Again, it has taken almost 200 years for the normal educated person to come to the stone-age conclusion that just going out and shooting everything that walks, flies and crawls, until there is nothing left, is not an acceptable way to live in any habitat. To the 19th Century European or American animal life was a God-given resource that could not be depleted. Who was more superstitious, the Polynesian that was afraid to kill everything for fear of invoking supernatural retribution, or the European who believed God would waive his hand and raise all of the animals so they could be killed again? Melville asked these questions when it was sacrilegious to do so.
My favorite pieces of social commentary come in his appendix concerning his time in Hawaii, and the story of the old man who claims to have eaten Captain Cook’s big toe! Almost as good was the story of the Methodist Ministers who advised the local rulers like evil gnomes, enforcing morality laws, that resulted in a large portion of the female population being pimped out by the government to naval crews.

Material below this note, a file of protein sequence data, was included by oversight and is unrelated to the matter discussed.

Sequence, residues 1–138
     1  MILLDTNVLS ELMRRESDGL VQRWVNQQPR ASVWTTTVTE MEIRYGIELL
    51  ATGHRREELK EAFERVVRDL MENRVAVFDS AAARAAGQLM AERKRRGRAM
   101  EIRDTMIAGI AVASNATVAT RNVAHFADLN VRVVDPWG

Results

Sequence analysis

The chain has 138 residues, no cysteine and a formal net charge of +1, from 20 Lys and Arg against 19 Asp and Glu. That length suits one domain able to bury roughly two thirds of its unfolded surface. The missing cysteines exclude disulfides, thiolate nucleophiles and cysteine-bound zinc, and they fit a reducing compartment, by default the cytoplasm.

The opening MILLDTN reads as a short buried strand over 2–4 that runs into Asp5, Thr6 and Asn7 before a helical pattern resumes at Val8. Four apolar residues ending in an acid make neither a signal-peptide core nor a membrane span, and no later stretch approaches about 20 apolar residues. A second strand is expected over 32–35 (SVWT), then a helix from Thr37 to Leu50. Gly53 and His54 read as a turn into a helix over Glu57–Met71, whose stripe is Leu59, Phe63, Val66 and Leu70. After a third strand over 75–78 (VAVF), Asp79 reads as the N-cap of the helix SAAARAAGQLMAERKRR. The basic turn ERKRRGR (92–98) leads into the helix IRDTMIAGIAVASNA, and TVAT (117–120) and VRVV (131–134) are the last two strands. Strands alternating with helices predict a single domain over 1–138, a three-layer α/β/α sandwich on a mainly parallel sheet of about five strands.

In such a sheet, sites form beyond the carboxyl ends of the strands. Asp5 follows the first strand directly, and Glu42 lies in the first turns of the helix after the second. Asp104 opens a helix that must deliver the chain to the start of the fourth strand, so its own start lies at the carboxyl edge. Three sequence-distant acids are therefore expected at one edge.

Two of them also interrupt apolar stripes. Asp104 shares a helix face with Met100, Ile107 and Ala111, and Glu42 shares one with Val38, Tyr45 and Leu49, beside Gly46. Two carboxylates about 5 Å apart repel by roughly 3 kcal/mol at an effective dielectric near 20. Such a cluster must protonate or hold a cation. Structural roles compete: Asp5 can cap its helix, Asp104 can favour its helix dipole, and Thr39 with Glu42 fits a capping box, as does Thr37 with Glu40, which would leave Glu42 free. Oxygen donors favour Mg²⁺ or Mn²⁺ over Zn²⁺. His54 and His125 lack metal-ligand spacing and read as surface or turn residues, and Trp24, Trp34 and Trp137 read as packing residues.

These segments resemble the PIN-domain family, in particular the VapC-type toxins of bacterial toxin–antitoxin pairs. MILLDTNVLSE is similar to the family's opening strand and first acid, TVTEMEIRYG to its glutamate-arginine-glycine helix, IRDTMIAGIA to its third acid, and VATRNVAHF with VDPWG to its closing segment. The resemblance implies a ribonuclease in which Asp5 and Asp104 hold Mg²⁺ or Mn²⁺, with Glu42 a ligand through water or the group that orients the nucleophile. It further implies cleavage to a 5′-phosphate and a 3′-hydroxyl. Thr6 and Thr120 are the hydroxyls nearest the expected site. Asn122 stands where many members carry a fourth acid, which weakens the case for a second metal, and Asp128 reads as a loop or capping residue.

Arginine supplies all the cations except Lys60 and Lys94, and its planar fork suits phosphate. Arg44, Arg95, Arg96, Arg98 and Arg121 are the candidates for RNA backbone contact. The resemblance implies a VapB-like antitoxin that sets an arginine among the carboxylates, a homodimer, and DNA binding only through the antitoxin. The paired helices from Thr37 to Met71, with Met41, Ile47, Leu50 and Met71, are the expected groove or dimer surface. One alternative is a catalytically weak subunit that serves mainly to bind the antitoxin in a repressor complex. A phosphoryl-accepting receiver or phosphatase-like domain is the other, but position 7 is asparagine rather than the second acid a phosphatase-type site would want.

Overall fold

Remember that, despite his social criticism, Melville failed to rise above the sick society he lived in, only managing a few brief escapes, and suffering in the process. For the most part, his narrative is about a domestic life lived briefly in a doomed paradise. The story of his time on Typee is part adventure, part wonderland retreat, part anthropology field-notes, and part social commentary. The feeling that I was left with was one of loss and spiritual dislocation; of a man caught between three worlds: a comfortable stifling one; a dynamic brutal one; and a beautiful dying one. Typee is the story of a man who left the most beautiful women he would ever meet, after she fell in love with him; left her in tears on a beach he’d never see again. No wonder he had to write about it.
I will leave you with some quotes from the text:
“Thrice happy are they who, inhabiting yet some undiscovered island in the middle of the ocean, have never been brought into contaminating contact with the white man.”
“…I am inclined to think that so far as the relative wickedness of the parties concerned, four or five Marquesan islanders sent to the United States as Missionaries might be quite as useful as an equal number of Americans dispatched to the islands in a similar capacity.”
“…however ignorant man may be, he still feels within him his immortal spirit yearning after the unknown future.”
No wonder us Sci-Fi guys like him.